celebrate

verb
cel·​e·​brate | \ ˈse-lə-ˌbrāt \
celebrated; celebrating

Definition of celebrate

transitive verb

1 : to perform (a sacrament or solemn ceremony) publicly and with appropriate rites A priest celebrates Mass.
2a : to honor (an occasion, such as a holiday) especially by solemn ceremonies or by refraining from ordinary business The nation celebrates Memorial Day.
b : to mark (something, such as an anniversary) by festivities or other deviation from routine celebrated their 25th anniversary
3 : to hold up or play up for public notice her poetry celebrates the glory of nature

intransitive verb

1 : to observe a holiday, perform a religious ceremony, or take part in a festival The holiday revelers celebrated all day long.
2 : to observe a notable occasion with festivities decided the only way to celebrate was to have a party

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Other Words from celebrate

celebration \ ˌse-​lə-​ˈbrā-​shən \ noun
celebrative \ ˈse-​lə-​ˌbrā-​tiv \ adjective
celebrator \ ˈse-​lə-​ˌbrā-​tər \ noun
celebratory \ ˈse-​lə-​brə-​ˌtȯr-​ē , ˌse-​lə-​ˈbrā-​tə-​rē \ adjective

Choose the Right Synonym for celebrate

keep, observe, celebrate, commemorate mean to notice or honor a day, occasion, or deed. keep stresses the idea of not neglecting or violating. kept the Sabbath by refraining from work observe suggests marking the occasion by ceremonious performance. not all holidays are observed nationally celebrate suggests acknowledging an occasion by festivity. traditionally celebrates Thanksgiving with a huge dinner commemorate suggests that an occasion is marked by observances that remind one of the origin and significance of the event. commemorate Memorial Day with the laying of wreaths

Examples of celebrate in a Sentence

We are celebrating my birthday by going out to dinner. The family gathered to celebrate Christmas. We are celebrating our anniversary next week. They are celebrating the birth of their third child. The book celebrates the movies of the past. Her lecture celebrated the genius of the artist. He is celebrated for his contributions to modern science. A priest celebrates Mass at the church daily.
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Recent Examples on the Web

With more than 275,000 degree-seeking students, CUNY is celebrated for launching low-income young adults into promising careers. WSJ, "City University of New York Struggles to Fill Top Job," 9 Jan. 2019 These things all create this relevancy where vegetables have never been celebrated in that way. Eric Johnson, Recode, "Why Sweetgreen thinks like a tech company," 17 Dec. 2018 The People Awards celebrates 50 famous people who made history and changed the world for the better, including Olaudah Equiano, Simon Bolivar, Marie Curie and more. Megan Barber, Curbed, "The 17 best kids’ books about design and cities," 12 Dec. 2018 Any beauty brand that is trying to make a difference for animal welfare should be celebrated and championed. Jenna Rosenstein, Harper's BAZAAR, "The Best Vegan and Cruelty-Free Makeup," 29 Nov. 2018 The name stuck at a local level and slowly spread throughout the U.S., but wasn’t celebrated and instead held a negative conntation. Rebekka Ayres, Teen Vogue, "Black Friday, Explained: A Complete History," 23 Nov. 2018 Thanksgiving had been celebrated on the last Thursday of the month since the time of Abraham Lincoln. Cierra Williams, Country Living, "Here's Why Thanksgiving Is So Early This Year," 14 Nov. 2018 Some are celebrated for their classic comforts, while others rank for their state-of-the-art attractions: think indoor waterfalls, butterfly gardens, ice skating rinks, nap rooms, movie theaters, swimming pools, and more. Barbara Peterson, Condé Nast Traveler, "The Best Airports in the World: 2018 Readers' Choice Awards," 9 Oct. 2018 The shooting also prompted questions about the training of Noor, a two-year veteran and Somali-American whose arrival on the force had been celebrated by city leaders and Minnesota's large Somali community. Fox News, "Officer who fatally shot Justine Damond charged with murder, turns himself in," 2 Oct. 2018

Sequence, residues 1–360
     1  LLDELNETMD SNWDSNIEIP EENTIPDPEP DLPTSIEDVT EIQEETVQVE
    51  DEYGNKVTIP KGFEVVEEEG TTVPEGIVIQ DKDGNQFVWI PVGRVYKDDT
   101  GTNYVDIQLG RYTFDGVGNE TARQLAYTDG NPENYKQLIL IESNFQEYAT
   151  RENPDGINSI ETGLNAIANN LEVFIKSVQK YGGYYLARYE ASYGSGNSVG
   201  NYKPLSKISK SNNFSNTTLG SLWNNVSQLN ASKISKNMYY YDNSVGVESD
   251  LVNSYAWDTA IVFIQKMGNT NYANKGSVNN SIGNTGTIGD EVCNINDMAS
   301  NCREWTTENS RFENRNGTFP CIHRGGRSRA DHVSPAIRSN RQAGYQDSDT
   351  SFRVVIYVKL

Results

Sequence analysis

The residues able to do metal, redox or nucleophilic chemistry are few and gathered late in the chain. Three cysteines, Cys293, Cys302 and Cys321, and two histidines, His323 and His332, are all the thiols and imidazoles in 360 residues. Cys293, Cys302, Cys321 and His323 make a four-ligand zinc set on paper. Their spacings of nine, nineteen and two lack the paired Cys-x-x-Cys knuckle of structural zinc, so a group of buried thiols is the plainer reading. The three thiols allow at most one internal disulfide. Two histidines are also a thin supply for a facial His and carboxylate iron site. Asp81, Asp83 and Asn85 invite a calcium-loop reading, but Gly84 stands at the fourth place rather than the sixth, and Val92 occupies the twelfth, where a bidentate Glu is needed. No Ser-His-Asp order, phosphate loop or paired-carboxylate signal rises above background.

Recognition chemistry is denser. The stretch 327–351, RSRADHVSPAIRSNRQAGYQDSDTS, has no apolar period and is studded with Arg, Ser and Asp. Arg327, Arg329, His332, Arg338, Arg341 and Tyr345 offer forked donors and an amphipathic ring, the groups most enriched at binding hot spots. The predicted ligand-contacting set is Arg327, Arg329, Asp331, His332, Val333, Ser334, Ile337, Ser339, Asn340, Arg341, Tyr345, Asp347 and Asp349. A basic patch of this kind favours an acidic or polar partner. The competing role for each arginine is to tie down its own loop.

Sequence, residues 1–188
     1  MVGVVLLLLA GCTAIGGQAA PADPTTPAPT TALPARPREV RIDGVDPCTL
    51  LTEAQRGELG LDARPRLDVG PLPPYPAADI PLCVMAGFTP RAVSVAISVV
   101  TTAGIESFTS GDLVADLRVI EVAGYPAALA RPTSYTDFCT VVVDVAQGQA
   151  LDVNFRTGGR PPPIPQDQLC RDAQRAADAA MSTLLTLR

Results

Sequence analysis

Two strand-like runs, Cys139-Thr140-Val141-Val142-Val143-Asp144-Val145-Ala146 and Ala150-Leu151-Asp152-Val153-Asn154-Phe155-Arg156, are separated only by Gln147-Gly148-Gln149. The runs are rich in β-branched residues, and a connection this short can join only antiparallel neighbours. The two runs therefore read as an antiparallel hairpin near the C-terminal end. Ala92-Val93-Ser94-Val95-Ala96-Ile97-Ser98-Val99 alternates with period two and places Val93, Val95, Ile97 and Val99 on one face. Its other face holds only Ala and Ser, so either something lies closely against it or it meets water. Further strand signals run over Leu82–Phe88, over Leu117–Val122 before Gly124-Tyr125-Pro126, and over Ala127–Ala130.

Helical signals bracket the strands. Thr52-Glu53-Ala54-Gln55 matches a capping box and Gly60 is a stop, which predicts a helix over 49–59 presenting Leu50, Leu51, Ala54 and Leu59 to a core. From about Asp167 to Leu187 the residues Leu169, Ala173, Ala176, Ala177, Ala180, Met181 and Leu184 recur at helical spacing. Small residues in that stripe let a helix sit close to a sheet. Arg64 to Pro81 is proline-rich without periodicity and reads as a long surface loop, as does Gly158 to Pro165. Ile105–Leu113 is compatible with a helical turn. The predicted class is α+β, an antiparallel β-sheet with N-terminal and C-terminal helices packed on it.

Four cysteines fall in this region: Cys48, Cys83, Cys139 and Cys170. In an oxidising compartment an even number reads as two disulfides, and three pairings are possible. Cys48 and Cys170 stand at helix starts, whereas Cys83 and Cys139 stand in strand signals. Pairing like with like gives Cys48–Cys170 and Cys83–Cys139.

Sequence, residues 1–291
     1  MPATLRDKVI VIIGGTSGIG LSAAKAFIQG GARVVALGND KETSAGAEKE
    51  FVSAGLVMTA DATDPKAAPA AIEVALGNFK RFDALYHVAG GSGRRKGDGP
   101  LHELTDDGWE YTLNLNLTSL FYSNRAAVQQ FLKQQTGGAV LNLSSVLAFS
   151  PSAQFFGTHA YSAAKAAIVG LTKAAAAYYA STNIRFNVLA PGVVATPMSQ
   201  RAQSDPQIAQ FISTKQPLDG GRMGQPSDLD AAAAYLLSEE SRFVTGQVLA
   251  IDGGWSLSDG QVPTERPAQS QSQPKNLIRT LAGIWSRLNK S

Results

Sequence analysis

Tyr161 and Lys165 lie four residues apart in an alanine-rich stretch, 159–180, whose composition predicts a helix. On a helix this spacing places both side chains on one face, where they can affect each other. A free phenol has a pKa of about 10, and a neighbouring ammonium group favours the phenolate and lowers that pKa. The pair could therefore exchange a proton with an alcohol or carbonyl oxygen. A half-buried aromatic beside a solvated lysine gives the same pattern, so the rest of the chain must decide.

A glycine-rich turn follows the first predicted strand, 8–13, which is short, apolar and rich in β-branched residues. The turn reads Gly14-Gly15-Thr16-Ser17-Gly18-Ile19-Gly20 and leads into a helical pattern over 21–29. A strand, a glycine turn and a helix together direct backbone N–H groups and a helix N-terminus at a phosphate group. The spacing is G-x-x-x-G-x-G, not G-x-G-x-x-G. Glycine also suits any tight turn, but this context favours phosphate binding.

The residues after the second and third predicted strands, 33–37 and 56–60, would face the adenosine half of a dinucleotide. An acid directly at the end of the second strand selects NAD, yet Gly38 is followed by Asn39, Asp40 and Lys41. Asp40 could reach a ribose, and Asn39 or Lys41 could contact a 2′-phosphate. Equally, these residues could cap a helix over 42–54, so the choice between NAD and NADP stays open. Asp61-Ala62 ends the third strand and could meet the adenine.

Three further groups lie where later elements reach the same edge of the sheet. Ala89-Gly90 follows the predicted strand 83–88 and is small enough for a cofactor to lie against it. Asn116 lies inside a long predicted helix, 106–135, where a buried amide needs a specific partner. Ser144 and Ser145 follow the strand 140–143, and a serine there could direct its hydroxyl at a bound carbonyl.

These example sentences are selected automatically from various online news sources to reflect current usage of the word 'celebrate.' Views expressed in the examples do not represent the opinion of Merriam-Webster or its editors. Send us feedback.

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First Known Use of celebrate

15th century, in the meaning defined at transitive sense 1

History and Etymology for celebrate

Middle English celebraten, borrowed from Latin celebrātus, past participle of celebrāre "to throng, frequent, observe (an occasion, festivity), praise" (probably originally back-formation from earlier concelebrāre "to frequent, honor"), derivative of celebr-, celeber "much used, frequented, widely known, famed," probably going back to *kelesri-, of uncertain origin

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Statistics for celebrate

Last Updated

15 Jan 2019

Look-up Popularity

Time Traveler for celebrate

The first known use of celebrate was in the 15th century

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More Definitions for celebrate

celebrate

verb

English Language Learners Definition of celebrate

: to do something special or enjoyable for an important event, occasion, holiday, etc.

: to praise (someone or something) : to say that (someone or something) is great or important

: to perform (a religious ceremony)

celebrate

verb
cel·​e·​brate | \ ˈse-lə-ˌbrāt \
celebrated; celebrating

Kids Definition of celebrate

1 : to observe (a holiday or important occasion) in some special way
2 : to perform (a religious ceremony)
3 : praise entry 1 sense 1 We should celebrate the freedoms we have.

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Comments on celebrate

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